Your Crazy Relative Tried to Stab Cops And Got Shot? Too Bad!
By Bob Owens
April 7, 2016
The downside of highlighting incidents like Officer Josh Herring’s incredible 3+ minutes of work avoiding a suicidal man with a knife attempting to commit suicide by cop is that people develop the unrealistic expectation that it is always possible to resolve situations this way.
People look at Herring’s incident—where an injured, slow-moving man makes a halfhearted, slow advance across an area the size of a football field, where Herring had plenty of room to operate and no one else to defend—and assume that all police officers have the luxuries of time, distance, speed, and limited aggression by a suspect that gave Herring the luxury of not firing upon Javier Pablo Aleman a second time.
It rarely works out that officers have that sort of leeway.
Officers typically encounter dangerous suspects in close quarters whether they have very limited time, distance, and options for movement.
That appears to exactly be the case in Los Angeles, where relatives of one knife-wielding suspect want officers criminally charged from shooting her after she advanced upon them with an eight-inch knife.
The video, taken from a nearby security camera, shows officers getting out of their police SUV and drawing their guns as a woman identified as Norma Guzman walks down the sidewalk. One officer stands behind a parked car and points his gun at Guzman, who continues to walk toward him.
When Guzman reaches the other side of the car, police fire. Guzman collapses on the sidewalk.
The shooting happened about 10 seconds after the first officer exited the car, according to the time-stamped footage, which had no sound.
According to the LAPD, when the officers arrived, they spotted Guzman walking toward them with the knife. One officer “repeatedly ordered her to drop the knife,” but she kept moving toward them, prompting the officers to open fire, police said.
On Wednesday, flanked by Guzman’s mother and brothers, attorney Arnoldo Casillas questioned why the officers didn’t use less-lethal devices like a Taser before firing their guns.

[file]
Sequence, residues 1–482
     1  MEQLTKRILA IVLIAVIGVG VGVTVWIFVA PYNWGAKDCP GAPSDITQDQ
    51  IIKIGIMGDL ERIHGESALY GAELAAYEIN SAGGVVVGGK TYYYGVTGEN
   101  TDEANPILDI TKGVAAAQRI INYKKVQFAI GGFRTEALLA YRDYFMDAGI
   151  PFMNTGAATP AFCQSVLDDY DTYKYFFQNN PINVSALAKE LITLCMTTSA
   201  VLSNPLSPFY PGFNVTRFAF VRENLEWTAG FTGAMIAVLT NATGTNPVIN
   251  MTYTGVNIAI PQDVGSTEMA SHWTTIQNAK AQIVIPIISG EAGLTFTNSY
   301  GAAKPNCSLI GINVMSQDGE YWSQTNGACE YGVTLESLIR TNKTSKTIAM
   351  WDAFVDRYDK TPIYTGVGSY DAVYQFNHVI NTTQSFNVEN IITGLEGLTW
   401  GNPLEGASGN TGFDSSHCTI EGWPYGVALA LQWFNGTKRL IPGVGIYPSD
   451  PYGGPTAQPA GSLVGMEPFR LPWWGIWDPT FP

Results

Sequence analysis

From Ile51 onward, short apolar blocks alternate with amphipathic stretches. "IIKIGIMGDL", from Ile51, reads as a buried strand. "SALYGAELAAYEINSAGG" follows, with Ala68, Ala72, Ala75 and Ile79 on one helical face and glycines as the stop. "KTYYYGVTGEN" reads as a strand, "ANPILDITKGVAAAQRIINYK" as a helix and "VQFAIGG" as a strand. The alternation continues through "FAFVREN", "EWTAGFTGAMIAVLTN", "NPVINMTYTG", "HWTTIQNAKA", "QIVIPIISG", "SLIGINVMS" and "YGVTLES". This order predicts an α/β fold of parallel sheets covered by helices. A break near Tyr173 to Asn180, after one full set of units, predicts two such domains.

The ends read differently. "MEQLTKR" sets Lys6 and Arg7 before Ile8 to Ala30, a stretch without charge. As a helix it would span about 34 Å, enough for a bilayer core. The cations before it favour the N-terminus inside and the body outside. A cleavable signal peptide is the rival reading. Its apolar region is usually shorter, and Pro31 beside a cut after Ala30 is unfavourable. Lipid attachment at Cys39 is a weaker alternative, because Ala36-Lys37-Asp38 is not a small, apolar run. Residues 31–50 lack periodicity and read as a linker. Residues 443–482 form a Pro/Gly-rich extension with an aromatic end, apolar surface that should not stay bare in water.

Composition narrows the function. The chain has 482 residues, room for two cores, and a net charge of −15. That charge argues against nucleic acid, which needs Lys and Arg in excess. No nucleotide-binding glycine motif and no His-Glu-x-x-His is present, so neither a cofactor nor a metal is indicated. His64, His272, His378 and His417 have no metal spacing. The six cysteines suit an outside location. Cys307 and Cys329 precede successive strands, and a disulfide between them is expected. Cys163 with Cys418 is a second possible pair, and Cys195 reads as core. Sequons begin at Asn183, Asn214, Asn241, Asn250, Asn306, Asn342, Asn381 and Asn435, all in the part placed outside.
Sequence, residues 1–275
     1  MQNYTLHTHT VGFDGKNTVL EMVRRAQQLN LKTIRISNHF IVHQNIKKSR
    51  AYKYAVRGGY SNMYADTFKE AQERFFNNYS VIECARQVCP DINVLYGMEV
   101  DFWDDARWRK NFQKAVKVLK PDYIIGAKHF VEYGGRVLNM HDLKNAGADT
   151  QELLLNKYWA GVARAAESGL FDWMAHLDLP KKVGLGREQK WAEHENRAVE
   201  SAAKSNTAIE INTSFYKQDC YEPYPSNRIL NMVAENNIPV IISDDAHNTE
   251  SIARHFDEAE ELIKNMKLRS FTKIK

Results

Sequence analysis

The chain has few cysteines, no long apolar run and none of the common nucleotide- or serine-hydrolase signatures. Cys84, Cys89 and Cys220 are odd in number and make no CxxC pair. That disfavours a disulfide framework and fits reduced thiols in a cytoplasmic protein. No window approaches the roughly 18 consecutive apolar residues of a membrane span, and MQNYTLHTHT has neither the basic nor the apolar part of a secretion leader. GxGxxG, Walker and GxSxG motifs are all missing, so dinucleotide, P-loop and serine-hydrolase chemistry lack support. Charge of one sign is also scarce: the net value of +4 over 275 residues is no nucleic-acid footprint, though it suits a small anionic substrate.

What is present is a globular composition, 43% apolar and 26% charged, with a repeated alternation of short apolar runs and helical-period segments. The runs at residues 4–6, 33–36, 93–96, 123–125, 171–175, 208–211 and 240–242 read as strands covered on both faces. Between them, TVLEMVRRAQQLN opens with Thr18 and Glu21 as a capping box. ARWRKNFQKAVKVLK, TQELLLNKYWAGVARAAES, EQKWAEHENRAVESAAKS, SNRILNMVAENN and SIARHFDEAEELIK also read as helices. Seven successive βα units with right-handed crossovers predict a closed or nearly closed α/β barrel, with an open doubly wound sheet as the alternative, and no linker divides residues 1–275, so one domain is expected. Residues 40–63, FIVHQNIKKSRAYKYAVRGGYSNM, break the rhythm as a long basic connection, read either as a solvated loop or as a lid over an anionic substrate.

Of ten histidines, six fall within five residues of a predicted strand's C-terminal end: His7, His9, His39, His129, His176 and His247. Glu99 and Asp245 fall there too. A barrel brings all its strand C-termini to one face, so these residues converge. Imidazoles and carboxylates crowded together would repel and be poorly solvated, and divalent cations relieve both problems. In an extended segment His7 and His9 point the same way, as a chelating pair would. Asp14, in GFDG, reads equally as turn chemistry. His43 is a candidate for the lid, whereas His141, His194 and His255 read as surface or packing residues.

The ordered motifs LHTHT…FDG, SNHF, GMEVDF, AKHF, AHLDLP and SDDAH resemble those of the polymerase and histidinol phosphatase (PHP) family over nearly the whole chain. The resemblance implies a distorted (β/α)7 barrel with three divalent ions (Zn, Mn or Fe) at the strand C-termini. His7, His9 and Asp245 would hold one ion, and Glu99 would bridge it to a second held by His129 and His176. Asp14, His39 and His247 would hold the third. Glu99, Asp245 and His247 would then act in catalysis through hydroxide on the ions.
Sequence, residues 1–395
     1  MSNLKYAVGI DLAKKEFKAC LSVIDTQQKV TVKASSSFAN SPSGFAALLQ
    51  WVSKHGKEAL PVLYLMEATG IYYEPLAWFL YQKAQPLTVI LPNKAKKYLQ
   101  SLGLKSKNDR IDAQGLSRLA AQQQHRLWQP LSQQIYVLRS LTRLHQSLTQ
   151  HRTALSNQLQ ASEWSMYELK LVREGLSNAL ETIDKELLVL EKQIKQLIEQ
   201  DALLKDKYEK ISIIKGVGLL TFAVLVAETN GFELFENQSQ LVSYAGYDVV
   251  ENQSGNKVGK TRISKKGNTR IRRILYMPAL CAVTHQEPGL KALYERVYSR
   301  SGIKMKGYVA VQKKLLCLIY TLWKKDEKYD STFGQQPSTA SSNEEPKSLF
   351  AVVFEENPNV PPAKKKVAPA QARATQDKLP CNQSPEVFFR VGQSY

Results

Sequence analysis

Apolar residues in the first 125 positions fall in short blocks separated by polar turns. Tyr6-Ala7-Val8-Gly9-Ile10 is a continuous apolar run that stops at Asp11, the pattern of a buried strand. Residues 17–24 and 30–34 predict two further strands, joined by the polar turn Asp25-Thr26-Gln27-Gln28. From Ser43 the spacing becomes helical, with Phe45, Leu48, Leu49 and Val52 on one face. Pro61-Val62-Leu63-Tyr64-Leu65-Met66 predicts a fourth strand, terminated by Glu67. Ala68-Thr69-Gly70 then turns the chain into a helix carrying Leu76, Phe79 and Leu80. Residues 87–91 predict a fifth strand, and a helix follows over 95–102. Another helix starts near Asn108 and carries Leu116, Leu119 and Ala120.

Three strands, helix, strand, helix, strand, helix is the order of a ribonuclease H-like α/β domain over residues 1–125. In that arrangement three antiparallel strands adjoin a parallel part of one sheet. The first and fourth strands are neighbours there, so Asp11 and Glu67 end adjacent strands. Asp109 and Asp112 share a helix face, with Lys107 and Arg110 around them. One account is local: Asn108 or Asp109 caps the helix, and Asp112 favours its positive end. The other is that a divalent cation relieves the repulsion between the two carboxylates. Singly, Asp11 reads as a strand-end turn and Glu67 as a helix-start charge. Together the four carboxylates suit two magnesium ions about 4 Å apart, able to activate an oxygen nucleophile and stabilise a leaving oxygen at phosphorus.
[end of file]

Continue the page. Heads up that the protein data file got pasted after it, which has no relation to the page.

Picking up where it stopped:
“Where’s the Taser? Where’s the pepper spray? Take a step back. Show some reverence for human life,” he said. “There’s no way that can be justified.”
Guzman’s son and mother filed a federal lawsuit last fall, alleging that the officers used excessive force. Guzman, who suffered from mental illness, “posed no danger or threat” to the officers or others before she was shot, the lawsuit said.
“There was no reasonable basis for them to shoot her,” the lawsuit said.
On the contrary, there was every reason for officers to shoot Norma Guzman.
She was displaying a large knife as she walked down an urban street, terrifying citizens to the point that at least one 911 call was placed to draw officers to the scene.
Guzman then advanced more than 20 yards upon officers who had their weapons drawn, and who repeatedly told Guzman to drop her knife. They held fire until the last possible second, but she never broke stride. Indeed, she appears to be target fixated upon them, and has every appearance of going after the lead officer. He finally opened fire with his muzzle just two yards from her.
Advancing on an officer with a lethal weapon in her hand, she was clearly a reasonable threat.
The use of force continuum dictates that officers should use one level of force higher than the suspect in order to gain compliance, not as attorney Arnoldo Casillas glibly suggests, less force in the form or tasers or chemical sprays that often fail to immediately incapacitate individuals who are under the influence, mentally ill, or simply determined to continue their attack.
Do I feel some sympathy for the Guzman family? Of course I do.
But it is absurd of them to expect officers to let someone armed with an eight-inch knife who is coming straight at them with every apparent intention of stabbing them get within striking distance.
These officers held off firing until the last possible second, and quite firing the second Guzman ceased to be a threat.
This was clearly a “good shoot.” Just because a police officer put on uniform and went to work, it doesn’t mean his life is any less valuable than that of someone who might attack him. He has ever right to defend that life.
Attorney Arnoldo Casillas and the Guzman family seem cynically intent on a payday, not anything resembling actual justice, and so my sorry for them is tinged with disgust.
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